internal-combustion engine


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internal-combustion engine
one cycle of a four-stroke diesel engine
A. intake stroke
B. compression stroke
C. power stroke
D. exhaust stroke

in·ter·nal-com·bus·tion engine

(ĭn-tûr′nəl-kəm-bŭs′chən)
n.
An engine, such as an automotive gasoline piston engine or a diesel, in which fuel is burned within the engine proper rather than in an external furnace, as in a steam engine.

internal-combustion engine

n
(Automotive Engineering) a heat engine in which heat is supplied by burning the fuel in the working fluid (usually air)

inter′nal-combus′tion en`gine


n.
an engine of one or more working cylinders in which the process of combustion takes place within the cylinders.
[1880–85]
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internal-combustion engine
cycles of a four-stroke diesel engine
A. intake stroke: the piston moves down, drawing air and fuel into the cylinder
B. compression stroke: the piston moves up, compressing and heating the air and fuel mixture
C. power stroke: the hot air and fuel mixture ignites, forcing the piston down
D. exhaust stroke: the piston moves up, forcing the exhaust gases out of the cylinder

in·ter·nal-com·bus·tion engine

(ĭn-tûr′nəl-kəm-bŭs′chən)
An engine whose fuel is burned inside the engine itself rather than in an outside furnace or burner. Gasoline and diesel engines are internal-combustion engines; a steam engine is not.
ThesaurusAntonymsRelated WordsSynonymsLegend:
Noun1.internal-combustion engine - a heat engine in which combustion occurs inside the engine rather than in a separate furnaceinternal-combustion engine - a heat engine in which combustion occurs inside the engine rather than in a separate furnace; heat expands a gas that either moves a piston or turns a gas turbine
diesel engine, diesel motor, diesel - an internal-combustion engine that burns heavy oil
cylinder block, engine block, block - a metal casting containing the cylinders and cooling ducts of an engine; "the engine had to be replaced because the block was cracked"
four-stroke engine, four-stroke internal-combustion engine - an internal-combustion engine in which an explosive mixture is drawn into the cylinder on the first stroke and is compressed and ignited on the second stroke; work is done on the third stroke and the products of combustion are exhausted on the fourth stroke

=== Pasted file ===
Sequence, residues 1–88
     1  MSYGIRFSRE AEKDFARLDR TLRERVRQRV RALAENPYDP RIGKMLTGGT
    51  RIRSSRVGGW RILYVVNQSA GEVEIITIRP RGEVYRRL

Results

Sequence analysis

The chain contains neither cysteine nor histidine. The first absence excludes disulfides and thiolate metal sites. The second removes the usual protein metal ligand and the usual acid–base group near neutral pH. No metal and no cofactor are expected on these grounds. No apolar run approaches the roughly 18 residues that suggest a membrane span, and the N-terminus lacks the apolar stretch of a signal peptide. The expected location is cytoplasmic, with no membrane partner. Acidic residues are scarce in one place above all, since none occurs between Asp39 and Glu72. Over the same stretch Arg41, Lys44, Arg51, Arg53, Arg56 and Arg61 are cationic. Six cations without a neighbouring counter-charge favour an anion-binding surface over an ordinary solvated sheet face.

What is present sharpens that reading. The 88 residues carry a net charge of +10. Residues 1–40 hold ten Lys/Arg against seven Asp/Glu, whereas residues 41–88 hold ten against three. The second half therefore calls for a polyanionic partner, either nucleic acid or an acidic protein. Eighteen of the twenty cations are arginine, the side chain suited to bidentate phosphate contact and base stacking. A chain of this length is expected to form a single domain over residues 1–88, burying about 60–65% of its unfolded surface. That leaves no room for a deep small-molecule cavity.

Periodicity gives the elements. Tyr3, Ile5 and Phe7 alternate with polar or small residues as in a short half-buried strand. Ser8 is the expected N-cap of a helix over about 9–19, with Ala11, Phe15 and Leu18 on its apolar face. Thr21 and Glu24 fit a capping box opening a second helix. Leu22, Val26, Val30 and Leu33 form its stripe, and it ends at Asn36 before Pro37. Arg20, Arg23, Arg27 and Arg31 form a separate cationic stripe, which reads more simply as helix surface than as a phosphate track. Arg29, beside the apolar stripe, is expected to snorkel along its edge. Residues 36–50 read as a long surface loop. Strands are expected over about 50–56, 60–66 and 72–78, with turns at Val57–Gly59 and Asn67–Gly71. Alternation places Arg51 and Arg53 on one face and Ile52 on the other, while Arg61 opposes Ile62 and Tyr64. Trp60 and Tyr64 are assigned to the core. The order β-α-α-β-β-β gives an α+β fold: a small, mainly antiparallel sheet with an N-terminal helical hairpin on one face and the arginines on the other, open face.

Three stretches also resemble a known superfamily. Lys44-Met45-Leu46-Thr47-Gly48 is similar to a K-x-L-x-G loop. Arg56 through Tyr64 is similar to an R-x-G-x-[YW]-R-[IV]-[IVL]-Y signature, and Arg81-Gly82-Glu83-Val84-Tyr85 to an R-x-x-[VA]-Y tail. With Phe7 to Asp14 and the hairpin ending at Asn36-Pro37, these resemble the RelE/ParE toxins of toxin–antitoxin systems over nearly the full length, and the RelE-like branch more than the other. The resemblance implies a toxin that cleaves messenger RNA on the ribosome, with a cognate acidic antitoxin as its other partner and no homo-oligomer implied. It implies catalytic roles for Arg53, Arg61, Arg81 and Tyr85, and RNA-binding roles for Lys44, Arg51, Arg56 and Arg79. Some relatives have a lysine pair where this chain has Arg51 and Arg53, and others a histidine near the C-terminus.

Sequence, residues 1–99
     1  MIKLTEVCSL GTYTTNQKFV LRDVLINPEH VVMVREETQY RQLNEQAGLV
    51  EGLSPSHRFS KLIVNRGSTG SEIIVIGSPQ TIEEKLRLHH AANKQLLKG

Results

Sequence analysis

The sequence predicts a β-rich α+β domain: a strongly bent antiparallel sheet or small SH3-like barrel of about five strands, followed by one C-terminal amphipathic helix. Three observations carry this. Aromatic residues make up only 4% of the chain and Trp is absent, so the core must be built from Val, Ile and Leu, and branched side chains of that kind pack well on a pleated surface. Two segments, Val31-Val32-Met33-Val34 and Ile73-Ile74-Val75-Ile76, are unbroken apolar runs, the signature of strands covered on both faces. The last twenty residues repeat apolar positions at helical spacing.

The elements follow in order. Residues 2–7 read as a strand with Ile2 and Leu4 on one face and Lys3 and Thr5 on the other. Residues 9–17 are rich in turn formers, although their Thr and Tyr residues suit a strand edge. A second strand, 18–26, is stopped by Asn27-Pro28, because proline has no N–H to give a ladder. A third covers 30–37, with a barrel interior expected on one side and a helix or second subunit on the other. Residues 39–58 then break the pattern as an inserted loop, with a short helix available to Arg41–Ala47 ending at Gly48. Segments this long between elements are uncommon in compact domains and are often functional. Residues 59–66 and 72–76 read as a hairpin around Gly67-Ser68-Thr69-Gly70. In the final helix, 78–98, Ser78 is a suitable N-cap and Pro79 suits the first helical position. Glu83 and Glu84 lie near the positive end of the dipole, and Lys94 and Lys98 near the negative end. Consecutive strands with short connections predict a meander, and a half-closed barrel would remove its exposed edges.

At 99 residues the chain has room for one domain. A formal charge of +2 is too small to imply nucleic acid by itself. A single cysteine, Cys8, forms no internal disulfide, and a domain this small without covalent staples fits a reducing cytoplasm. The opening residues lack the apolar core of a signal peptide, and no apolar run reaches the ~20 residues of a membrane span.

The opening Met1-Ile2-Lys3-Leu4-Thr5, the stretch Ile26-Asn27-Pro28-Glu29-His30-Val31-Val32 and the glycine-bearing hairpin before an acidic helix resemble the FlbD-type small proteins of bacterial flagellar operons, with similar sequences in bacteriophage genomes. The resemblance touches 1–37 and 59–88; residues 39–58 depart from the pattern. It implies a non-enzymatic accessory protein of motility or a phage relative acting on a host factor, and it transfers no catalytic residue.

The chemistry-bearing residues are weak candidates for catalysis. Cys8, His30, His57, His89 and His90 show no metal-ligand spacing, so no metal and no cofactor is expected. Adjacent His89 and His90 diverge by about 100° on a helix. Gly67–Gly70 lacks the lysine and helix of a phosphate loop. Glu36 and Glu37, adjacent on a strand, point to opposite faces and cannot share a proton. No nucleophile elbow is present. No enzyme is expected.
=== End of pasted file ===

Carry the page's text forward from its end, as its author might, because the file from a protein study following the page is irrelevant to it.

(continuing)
gas engine - an internal-combustion engine similar to a gasoline engine but using natural gas instead of gasoline vapor
gasoline engine, petrol engine - an internal-combustion engine that burns gasoline; most automobiles are driven by gasoline engines
heat engine - any engine that makes use of heat to do work
force feed, force-feed lubricating system, lubricating system, pressure feed, pressure-feed lubricating system - mechanical system of lubricating internal combustion engines in which a pump forces oil into the engine bearings
motorboat, powerboat - a boat propelled by an internal-combustion engine
automotive vehicle, motor vehicle - a self-propelled wheeled vehicle that does not run on rails
outboard motor, outboard - internal-combustion engine that mounts at stern of small boat
poppet, poppet valve - a mushroom-shaped valve that rises perpendicularly from its seat; commonly used in internal-combustion engines
radial engine, rotary engine - an internal-combustion engine having cylinders arranged radially around a central crankcase
reciprocating engine - an internal-combustion engine in which the crankshaft is turned by pistons moving up and down in cylinders
rotary engine - an internal-combustion engine in which power is transmitted directly to rotating components
self-starter - an electric starting motor that automatically starts an internal-combustion engine
supercharger - compressor that forces increased oxygen into the cylinders of an internal-combustion engine
valve-in-head engine - internal-combustion engine having both inlet and exhaust valves located in the cylinder head
Translations

internal-combustion engine

[ɪnˌtɜːnlkəmˈbʌstʃnˌɛndʒɪn] nmotore m a combustione interna or a scoppio
References in periodicals archive ?
The vans use both a traditional gasoline-powered internal-combustion engine and a battery-powered electric motor.
Scuderi says its design is able to achieve compression cylinder pressures equal to that of a conventional internal-combustion engine during the combustion cycle, thus creating large amounts of turbulence for improved atomization of the fuel/air mix.
The fuel cell, which chemically converts hydrogen to electricity (with water as a byproduct), has the potential to eventually replace the internal-combustion engine, because its far more than just the best environmental choice.
Gasoline automobiles (and the internal-combustion engine which burns gasoline) took over the auto industry for three primary reasons: (1) in 1901, vast oil reserves were discovered in Texas; (2) in 1912, a viable electric starter for gasoline engines was introduced; and (3) Henry Ford decided to mass-produce gasoline-burning cars.
The coming of the internal-combustion engine, especially the Otto four-stroke engine (see 1876), offered a much better hope.
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BAT shares are up nearly 400 percent in 1998, gaining on news that the company has developed a technology that lets a modified internal-combustion engine propel a standard-size car at least 80 miles on a single gallon of fuel.
Although battery-powered electric cars seem to be finally about to find their place on the world's roads (see Consumer News this issue), they may prove to be an interim technology in the race to replace the internal-combustion engine with something cleaner.